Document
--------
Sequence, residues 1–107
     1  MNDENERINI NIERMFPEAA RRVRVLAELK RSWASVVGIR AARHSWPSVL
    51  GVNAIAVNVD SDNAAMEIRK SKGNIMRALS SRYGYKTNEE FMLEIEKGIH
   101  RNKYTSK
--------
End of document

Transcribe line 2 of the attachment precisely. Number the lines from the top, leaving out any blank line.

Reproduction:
     1  MNDENERINI NIERMFPEAA RRVRVLAELK RSWASVVGIR AARHSWPSVL